The second parallel between Cicero’s portrayal of Clodia and the way patriarchy views women in our own society is in the way Clodia exerts her influence and power, which is (you guessed it!) through her sexuality. Women had no claim to legitimate power in Roman society, save for their position in the household. Clodia however, can exert huge influence with her sexuality, so much that she can turn decent men into subservient slaves (Cael. 67). Unlike Agrippina the Younger though, Clodia’s seductions and liaisons have no ulterior motive of acquiring power – she seems to see her promiscuity and the havoc it causes as a goal in itself. And so it happens that Cicero incredulously asks whether the jury expects Caelius’ youth to be sacrificed just to satisfy the ‘wanton whims of a woman’ (Cael. 70) used to getting her way through her sexuality.

Again, we can see parallels in our own society. There is still a strong view that women, particularly women with a high level of social visibility, are only worth anything or able to achieve anything through their sexiness. From sexist, objectifying advertising to quotes that Angelina Joelie’s recent double mastectomy was a sad day for fans to the sexually explicit invective against the Prime Minister (NSFW), women are still reduced to their sexuality as their only means of getting anywhere or being worth anything. Women might be able to vote, to work, to be politicians and hold legitimate positions of power in our society, but we still can’t escape the idea that women and sex go hand in hand.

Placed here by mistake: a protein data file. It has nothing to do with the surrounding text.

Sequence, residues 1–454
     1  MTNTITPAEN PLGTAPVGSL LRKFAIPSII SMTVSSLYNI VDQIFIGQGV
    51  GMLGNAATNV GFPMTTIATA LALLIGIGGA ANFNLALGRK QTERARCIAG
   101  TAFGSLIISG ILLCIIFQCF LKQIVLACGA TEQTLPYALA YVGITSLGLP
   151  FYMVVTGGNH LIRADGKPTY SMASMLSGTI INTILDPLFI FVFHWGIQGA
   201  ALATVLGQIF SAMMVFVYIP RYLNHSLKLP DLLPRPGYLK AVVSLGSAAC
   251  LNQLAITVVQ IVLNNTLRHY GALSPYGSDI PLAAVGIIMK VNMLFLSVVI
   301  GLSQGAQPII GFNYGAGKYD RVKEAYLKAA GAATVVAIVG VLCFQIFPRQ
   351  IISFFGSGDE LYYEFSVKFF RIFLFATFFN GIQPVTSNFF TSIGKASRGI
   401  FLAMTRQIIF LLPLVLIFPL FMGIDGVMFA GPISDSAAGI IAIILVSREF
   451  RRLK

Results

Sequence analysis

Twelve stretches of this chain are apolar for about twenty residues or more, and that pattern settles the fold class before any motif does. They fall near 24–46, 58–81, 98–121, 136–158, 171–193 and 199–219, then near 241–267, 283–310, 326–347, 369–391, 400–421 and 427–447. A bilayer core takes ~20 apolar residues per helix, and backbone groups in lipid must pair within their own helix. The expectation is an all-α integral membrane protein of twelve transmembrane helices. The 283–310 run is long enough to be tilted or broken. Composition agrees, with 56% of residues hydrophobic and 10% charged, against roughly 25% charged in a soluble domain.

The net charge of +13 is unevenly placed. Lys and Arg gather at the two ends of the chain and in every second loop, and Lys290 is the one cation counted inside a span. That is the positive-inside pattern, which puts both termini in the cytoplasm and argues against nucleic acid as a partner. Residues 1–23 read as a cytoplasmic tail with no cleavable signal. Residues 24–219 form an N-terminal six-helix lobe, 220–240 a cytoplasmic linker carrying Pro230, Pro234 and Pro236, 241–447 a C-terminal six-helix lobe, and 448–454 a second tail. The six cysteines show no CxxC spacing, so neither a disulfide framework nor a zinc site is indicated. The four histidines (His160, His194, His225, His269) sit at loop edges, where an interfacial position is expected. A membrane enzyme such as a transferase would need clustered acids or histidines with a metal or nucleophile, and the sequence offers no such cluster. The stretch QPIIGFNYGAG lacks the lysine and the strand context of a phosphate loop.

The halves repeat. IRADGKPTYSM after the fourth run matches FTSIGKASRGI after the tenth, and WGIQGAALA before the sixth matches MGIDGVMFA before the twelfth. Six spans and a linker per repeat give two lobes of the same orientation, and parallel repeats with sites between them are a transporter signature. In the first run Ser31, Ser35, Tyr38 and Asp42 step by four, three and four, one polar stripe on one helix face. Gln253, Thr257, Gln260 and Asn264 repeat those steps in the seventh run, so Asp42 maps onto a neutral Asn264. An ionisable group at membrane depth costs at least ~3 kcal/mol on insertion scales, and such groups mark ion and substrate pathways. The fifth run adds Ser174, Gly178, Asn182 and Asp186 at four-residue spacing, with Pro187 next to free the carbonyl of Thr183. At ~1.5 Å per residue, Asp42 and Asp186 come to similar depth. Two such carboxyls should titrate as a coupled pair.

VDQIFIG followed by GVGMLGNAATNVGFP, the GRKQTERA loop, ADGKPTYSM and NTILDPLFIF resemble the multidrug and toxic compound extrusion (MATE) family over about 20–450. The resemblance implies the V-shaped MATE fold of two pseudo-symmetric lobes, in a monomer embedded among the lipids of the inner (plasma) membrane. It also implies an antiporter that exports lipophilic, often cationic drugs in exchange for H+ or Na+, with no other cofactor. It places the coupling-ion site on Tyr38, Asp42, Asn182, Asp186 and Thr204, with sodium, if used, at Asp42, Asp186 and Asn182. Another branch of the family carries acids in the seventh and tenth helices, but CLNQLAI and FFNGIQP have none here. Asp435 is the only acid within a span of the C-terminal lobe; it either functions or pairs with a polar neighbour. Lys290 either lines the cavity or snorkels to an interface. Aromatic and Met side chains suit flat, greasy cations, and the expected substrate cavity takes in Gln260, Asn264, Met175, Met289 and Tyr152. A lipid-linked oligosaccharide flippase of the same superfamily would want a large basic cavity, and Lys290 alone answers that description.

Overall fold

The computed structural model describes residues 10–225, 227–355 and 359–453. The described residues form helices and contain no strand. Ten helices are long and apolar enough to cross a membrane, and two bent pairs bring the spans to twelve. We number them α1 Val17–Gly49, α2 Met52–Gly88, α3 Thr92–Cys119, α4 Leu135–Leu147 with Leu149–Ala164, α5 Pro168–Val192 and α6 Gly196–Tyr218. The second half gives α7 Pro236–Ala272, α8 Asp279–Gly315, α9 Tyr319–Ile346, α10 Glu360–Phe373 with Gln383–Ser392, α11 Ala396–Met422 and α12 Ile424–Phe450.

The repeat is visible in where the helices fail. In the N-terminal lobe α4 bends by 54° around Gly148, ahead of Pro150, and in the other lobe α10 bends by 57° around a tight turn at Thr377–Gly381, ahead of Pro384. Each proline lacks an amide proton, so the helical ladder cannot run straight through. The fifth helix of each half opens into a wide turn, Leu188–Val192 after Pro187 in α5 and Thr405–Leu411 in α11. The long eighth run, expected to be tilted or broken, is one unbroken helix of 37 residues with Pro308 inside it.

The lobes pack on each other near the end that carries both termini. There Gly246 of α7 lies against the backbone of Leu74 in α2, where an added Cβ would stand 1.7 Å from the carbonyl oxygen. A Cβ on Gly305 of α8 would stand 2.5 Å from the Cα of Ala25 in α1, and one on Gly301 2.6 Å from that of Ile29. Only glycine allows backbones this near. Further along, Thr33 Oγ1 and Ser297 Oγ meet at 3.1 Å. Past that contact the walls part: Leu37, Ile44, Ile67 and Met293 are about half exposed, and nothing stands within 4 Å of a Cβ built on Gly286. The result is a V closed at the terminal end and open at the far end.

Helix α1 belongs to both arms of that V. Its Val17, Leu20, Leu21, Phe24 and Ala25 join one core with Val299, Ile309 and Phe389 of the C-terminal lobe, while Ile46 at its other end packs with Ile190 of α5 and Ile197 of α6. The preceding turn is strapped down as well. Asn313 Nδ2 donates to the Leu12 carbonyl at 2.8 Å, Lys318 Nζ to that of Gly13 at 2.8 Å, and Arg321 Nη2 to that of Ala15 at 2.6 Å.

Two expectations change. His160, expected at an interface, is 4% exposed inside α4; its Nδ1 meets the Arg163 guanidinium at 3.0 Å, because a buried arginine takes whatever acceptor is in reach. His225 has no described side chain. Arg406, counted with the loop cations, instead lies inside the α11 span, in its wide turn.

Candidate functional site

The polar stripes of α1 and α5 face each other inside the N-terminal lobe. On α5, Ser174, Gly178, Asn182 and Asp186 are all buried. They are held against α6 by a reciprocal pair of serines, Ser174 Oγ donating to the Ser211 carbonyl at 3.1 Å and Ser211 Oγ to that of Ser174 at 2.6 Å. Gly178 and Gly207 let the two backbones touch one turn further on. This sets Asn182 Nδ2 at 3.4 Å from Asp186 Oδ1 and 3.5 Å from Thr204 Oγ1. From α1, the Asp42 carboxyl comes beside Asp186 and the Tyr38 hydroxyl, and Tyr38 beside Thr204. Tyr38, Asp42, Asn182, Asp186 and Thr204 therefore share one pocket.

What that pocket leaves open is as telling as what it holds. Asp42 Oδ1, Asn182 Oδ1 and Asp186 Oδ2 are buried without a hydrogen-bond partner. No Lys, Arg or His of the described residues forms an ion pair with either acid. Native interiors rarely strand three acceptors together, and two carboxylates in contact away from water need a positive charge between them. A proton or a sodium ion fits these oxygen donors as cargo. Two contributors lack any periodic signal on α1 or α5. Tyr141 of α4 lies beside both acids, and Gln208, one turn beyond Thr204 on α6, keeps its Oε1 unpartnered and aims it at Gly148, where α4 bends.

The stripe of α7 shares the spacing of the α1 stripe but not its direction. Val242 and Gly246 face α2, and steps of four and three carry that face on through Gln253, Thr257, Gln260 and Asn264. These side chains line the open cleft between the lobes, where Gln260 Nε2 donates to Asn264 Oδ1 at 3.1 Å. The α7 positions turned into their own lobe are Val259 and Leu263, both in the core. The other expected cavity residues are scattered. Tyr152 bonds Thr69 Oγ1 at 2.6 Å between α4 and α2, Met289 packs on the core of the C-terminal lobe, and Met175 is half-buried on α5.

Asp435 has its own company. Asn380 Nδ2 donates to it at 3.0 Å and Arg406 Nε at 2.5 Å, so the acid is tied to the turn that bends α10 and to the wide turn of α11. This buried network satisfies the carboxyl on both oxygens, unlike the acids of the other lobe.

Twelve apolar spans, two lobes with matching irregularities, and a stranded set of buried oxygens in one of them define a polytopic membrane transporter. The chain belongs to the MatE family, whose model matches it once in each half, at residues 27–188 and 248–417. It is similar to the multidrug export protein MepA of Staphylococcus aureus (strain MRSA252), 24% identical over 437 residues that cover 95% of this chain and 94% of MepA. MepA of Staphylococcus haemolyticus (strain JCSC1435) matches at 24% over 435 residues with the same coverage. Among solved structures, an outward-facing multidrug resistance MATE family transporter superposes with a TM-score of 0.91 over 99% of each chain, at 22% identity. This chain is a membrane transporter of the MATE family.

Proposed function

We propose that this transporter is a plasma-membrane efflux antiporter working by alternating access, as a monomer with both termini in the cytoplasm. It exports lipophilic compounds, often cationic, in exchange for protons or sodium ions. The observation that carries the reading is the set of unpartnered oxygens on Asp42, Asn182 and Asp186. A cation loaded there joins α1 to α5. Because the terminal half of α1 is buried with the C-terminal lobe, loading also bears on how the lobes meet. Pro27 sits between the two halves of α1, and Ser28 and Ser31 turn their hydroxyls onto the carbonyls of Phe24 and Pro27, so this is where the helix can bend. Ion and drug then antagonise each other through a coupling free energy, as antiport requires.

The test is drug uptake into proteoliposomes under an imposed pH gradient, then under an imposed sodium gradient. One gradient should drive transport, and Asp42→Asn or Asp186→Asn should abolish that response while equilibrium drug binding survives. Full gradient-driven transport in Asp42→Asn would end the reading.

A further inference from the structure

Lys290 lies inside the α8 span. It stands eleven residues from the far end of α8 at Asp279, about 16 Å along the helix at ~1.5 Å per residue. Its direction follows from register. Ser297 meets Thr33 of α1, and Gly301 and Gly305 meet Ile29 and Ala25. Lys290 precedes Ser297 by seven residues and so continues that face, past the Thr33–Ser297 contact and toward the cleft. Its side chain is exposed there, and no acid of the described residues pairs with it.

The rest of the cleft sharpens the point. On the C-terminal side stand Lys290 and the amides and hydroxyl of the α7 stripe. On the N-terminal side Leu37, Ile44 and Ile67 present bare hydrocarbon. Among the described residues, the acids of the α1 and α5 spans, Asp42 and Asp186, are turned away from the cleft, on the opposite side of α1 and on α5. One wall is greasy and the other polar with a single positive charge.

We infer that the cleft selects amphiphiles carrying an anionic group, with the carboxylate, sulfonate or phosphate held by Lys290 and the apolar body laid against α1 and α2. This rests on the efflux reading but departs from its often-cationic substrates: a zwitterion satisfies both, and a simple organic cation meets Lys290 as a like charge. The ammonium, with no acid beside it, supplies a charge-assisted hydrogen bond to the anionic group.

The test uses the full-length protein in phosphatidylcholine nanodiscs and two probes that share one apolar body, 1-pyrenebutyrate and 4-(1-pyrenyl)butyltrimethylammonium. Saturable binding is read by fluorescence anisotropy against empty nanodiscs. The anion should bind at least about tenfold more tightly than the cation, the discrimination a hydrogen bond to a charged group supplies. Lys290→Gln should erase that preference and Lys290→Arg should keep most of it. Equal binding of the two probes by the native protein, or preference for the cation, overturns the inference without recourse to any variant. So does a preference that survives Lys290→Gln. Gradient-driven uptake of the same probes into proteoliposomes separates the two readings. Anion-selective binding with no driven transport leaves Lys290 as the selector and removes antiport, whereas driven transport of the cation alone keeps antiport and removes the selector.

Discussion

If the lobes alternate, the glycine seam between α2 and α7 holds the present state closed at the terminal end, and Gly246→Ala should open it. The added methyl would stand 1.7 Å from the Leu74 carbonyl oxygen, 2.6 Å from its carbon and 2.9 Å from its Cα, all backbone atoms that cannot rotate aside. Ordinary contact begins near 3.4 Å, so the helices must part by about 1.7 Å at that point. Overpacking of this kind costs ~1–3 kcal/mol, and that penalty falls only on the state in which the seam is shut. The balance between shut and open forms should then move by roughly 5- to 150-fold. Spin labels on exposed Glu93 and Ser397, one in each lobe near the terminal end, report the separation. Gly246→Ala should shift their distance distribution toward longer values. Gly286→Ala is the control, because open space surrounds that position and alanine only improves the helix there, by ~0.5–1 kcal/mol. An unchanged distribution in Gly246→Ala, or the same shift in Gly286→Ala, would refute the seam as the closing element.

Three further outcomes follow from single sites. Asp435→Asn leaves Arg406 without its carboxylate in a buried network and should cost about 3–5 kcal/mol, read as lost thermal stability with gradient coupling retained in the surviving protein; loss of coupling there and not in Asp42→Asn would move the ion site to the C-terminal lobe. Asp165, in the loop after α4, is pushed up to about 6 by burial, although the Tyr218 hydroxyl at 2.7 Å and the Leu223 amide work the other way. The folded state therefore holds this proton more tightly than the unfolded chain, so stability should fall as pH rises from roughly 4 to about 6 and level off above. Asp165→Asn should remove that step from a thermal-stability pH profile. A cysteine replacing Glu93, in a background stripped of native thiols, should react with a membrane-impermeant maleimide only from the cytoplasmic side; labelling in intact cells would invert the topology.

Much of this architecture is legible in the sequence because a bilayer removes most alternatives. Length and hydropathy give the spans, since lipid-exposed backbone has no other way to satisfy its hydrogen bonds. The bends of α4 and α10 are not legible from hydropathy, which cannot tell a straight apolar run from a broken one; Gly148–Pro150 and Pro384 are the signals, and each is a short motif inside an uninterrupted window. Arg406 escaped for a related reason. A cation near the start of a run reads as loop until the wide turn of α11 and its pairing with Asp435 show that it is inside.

There are far more parallels between the classical world and our own than just the Olympic games or the concept of the legal speech. In the case of Clodia those parallels are rather depressing, but looking at gender relations in the ancient world helps us to understand where our own values and ideas come from. And understanding where something comes from is the first step in changing those ideas into something more productive and suited to the times. Feminism and classics aren’t so incompatible after all.


9 thoughts on “Patriarchy Past and Present: The Case of Cicero’s Clodia